As some of the minor European countries only bought one or two machines, we grouped them to blocks. The leader of the European gang is Germany again, 48 systems makes 10% of the worldwide base, followed by France 25 (5%) and United Kingdom (UK) 17 (3%).
Breaking these figures down to Europe only, Germany again has installed 36%, the same figure as last year. This year France had changed the situation and is number 2 with 17%, UK fell back to 12%. Scandinavia, Austria/Switzerland and Benelux lie close together: 14, 12 and 11 supercomputers. That means around 10% of the European machines. Eastern Europe is still underdeveloped in the supercomputer field. One of the reasons might be the technical export laws that do not allow the eastern countries to buy high-speed machines. The other reason might be the lack of money.
Looking at the measure a more different picture can be seen. Clearly Germany is No. 1 with 277 Gflops/s (34%) now followed by UK 144 Gflops/s (18%) and France 124 Gflops/s (15), Austria/Switzerland now come up to 106 Gflops/s (13%), as Benelux (53 GFlops/s, 7%) and Scandinavia (59 Gflops/s, 7%) are falling back. Nearly the same figures can be found for .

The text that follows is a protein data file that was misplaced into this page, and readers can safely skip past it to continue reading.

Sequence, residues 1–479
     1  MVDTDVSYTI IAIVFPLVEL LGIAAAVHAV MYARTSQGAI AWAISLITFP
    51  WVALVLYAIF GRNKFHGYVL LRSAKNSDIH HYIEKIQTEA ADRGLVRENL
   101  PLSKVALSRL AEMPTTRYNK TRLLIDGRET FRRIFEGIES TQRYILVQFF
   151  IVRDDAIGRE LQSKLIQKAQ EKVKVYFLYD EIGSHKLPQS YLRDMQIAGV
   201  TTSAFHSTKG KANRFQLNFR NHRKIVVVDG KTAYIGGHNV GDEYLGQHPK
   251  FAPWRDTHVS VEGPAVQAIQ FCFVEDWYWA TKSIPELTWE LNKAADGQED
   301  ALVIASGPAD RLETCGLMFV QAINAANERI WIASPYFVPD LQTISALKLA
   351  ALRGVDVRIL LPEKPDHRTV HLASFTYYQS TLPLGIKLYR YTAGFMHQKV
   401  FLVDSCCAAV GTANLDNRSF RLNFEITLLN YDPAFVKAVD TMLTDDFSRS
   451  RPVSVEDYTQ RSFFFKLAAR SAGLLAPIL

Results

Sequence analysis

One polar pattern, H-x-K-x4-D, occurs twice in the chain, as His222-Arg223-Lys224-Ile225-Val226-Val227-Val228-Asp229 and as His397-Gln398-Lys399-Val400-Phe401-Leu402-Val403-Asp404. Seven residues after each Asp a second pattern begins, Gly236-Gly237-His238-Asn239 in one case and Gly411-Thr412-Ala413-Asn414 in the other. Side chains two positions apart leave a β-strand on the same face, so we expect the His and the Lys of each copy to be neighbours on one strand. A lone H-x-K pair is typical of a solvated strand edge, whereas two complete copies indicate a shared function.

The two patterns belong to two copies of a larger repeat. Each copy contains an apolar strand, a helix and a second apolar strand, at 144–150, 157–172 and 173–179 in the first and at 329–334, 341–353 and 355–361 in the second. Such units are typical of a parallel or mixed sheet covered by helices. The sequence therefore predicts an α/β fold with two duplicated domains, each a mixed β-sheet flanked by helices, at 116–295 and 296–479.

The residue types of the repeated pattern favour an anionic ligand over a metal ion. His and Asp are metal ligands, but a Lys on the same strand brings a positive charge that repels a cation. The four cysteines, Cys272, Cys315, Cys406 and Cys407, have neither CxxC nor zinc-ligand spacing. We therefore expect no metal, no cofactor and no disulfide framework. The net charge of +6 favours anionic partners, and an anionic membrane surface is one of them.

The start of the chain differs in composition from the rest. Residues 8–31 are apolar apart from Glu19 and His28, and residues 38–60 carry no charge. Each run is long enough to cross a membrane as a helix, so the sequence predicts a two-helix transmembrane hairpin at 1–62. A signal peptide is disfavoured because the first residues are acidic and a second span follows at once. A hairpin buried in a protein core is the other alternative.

The comparison of number of machines and in a country shows a quite interesting new aspect. If one introduces the medium Gflpos/s per machine, the results are surprising, Austria/Switzerland comes to 8.8 Gflops/s/computer, UK 8.5, Germany 5.4, France 5.2, Benelux 4.8 and Scandinavia 4. If one takes Switzerland only, the medium speed of their machines exceeds 10 Gflops/s. This means Switzerland is equipped with the most powerful machines in Europe. Comparing this figure with the Japanese one of nearly 17 Gflops/s and the USA with 10 Gflops/s, once again, Europe does not have much powerful machines.
This means that Europe has lacks in the field of extremely powerful supercomputers. First results and activities to improve this bad situation can be found in the chapter of Germany.